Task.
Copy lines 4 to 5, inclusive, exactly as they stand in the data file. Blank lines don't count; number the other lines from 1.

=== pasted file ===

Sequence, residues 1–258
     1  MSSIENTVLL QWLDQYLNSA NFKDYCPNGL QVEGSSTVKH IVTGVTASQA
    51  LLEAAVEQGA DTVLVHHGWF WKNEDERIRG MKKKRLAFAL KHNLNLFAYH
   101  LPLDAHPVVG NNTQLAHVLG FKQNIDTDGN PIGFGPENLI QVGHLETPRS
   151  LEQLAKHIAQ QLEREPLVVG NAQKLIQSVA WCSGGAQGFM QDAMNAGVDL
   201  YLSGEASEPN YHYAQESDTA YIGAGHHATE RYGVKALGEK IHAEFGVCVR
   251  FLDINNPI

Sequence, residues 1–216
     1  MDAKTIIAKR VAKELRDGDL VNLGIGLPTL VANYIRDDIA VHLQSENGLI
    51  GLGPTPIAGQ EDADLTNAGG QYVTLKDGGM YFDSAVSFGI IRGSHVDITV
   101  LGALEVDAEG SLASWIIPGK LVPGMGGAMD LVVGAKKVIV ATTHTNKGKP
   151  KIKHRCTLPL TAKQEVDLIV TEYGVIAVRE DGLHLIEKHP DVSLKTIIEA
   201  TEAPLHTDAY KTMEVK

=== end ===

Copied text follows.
   101  LPLDAHPVVG NNTQLAHVLG FKQNIDTDGN PIGFGPENLI QVGHLETPRS
   151  LEQLAKHIAQ QLEREPLVVG NAQKLIQSVA WCSGGAQGFM QDAMNAGVDL